Dogma in Medieval Jewish Thought

BookDogma in Medieval Jewish Thought

Dogma in Medieval Jewish Thought

From Maimonides to Abravanel

The Littman Library of Jewish Civilization


July 22nd, 2004

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Dogma in Medieval Jewish Thought is an essay in the history of ideas which traces the development of creed formation in Judaism from its inception with Moses Maimonides (1138-1204) to the beginning of the sixteenth century when systematic attention to the problem disappeared from the agenda of Jewish intellectuals. The dogmatic systems of Maimonides, Duran, Crescas, Albo, Bibago, Abravanel, and a dozen lesser-known figures are described, analysed, and compared. Relevant texts are presented in English translation. For the most part these are texts which have never been critically edited and translated before.

Among the theses defended in the book are the following: that systematic attention to dogma qua dogma was a new feature in Jewish theology introduced by Maimonides (for reasons examined at length in the book); that the subject languished for the two centuries after Maimonides’ death until it was revived in fifteenth-century Spain in response to Christian attacks on Judaism; that the differing systems of dogma offered by medieval Jewish thinkers reflect not different conceptions of what Judaism is, but different conceptions of what a principle of Judaism is; and that the very project of creed formation reflects an essentially Greek as opposed to a biblical/rabbinic view of the nature of religious faith and that this accounts for much of the resistance which Maimonides’ innovation aroused.

'An important contribution to the history of dogma in Judaism and to the history of fifteenth-century Jewish thought in particular.' Chava Tirosh-Rothschild, Critical Review 'A work of serious scholarship. It will no doubt become the standard work on the subject for many years to come.'
Jewish Book News & Reviews
'A detailed analysis of Maimonides's position and its aftermath ... a scholarly analysis ... Kellner steers us deftly through the complex argument. His is the most thorough treatment so far of this still relevant chapter in the history of Jewish thought.'
Jonathan Sacks, L'Eylah
'The first study of its kind.'
P. T. Stella, Salesianum

Author Information

Menachem Kellner is chair of the Department of Philosophy and Jewish Thought, Shalem College, Jerusalem and Wolfson Professor Emeritus of Jewish Thought, University of Haifa.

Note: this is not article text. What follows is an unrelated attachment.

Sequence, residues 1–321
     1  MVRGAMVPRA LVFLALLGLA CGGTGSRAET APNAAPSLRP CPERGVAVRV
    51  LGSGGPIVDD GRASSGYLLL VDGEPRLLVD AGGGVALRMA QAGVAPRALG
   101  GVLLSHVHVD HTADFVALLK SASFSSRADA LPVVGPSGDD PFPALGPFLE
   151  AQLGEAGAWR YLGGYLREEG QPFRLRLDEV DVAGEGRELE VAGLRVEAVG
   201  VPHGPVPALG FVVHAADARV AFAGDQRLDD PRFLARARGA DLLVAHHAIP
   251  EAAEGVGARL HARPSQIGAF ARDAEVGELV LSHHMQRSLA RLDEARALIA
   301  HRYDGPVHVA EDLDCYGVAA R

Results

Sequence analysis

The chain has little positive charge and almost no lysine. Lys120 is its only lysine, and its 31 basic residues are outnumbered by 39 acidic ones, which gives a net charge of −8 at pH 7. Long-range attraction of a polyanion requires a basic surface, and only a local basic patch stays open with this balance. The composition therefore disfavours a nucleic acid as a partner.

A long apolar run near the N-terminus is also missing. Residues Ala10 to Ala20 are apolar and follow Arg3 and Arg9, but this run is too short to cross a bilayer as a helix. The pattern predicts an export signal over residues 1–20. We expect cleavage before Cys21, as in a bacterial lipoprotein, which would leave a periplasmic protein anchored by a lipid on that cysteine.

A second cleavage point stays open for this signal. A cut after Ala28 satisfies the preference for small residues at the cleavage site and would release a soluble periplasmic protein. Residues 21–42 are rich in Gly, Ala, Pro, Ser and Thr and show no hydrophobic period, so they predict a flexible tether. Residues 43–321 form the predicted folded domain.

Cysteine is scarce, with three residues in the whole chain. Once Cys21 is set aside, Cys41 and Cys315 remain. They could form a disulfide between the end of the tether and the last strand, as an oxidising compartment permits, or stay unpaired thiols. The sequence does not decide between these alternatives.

Table of Contents

Table of Contents
Section TitlePagePrice
Half Title2
Title Page4
1. Maimonides 25
I. The Text of Maimonides' Thirteen Principles25
II. What is a 'Foundation of the Torah'?32
III. Maimonides' Statement of the Principles in the Mishneh Torah36
IV. Divisions into which the Principles Fall39
V. Why Maimonides Posited his Principles49
VI. The Thirteen Principles and the Guide of the Perplexed64
VII. Missing Principles68
VIII. Maimonides' Principles and Other Torah Beliefs76
IX. The Special Status of the Twelfth Principle (Messiah)78
X. Summary80
2. From Maimonides to Duran 81
I. Introduction81
II. Abba Mari84
III. Falaquera89
IV. David ben Samuel Kokhavi d'Estella90
V. David ben Yorn Tov ibn Bilia 92
VI. Shemariah ben Elijah ben Ya'akov ha-Ikriti of Negro pont94
VII. Transition to the Fifteenth Century 95
3. Duran 98
I. The Texts 98
II. Duran's Principles110
III. Was Duran Decisively Influenced by Averroës?118
IV. Duran's Influence120
4. Hasdai Crescas123
I. Introduction 123
II. The Texts 125
III. Crescas's System of Principles 131
IV. Crescas's Use of the Concept 'Principle of Faith' 140
V. Does the Torah Command Belief?142
VI. Crescas on Inadvertent Heresy144
VII. Crescas, Rabbenu Nissim, and Duran 152
5. Joseph Albo 155
I. Albo's System of Principles155
II. Ikkarim, Shorashim, and Anafim161
III. Judaism as a Science164
IV. Heresy166
V. Duran, Crescas, and Albo 170
6. Shalom, Arama, and Yaveẓ?172
I. Abraham Shalom172
II. Isaac Arama174
III. Joseph Yaveẓ176
7. Abraham Bibago 180
I. Bibago's System of Principles 180
II. Bibago's Analysis of Maimonides' Principles185
III. Bibago, Maimonides, and Abravanel190
8. Isaac Abravanel 194
I. Abravanel's Analysis of Maimonides 194
II. Does Abravanel Truly Reject the Claim that Judaism has Principles of Faith?199
9. Four Minor Figures 211
I. Muehlhausen211
II. Delmedigo212
III. David hen Judah Messer Leon212
IV. Mabit213
10. Summary and Conclusions 215
I. Statements of the Creed215
II. Dogma, Heresy, and Schisms222
III. Creation and Messiah228
Appendix: Texts and Translations of Maimonides' Commentary on Perek Ḥelek233
General Index318
Index of Biblical Citations324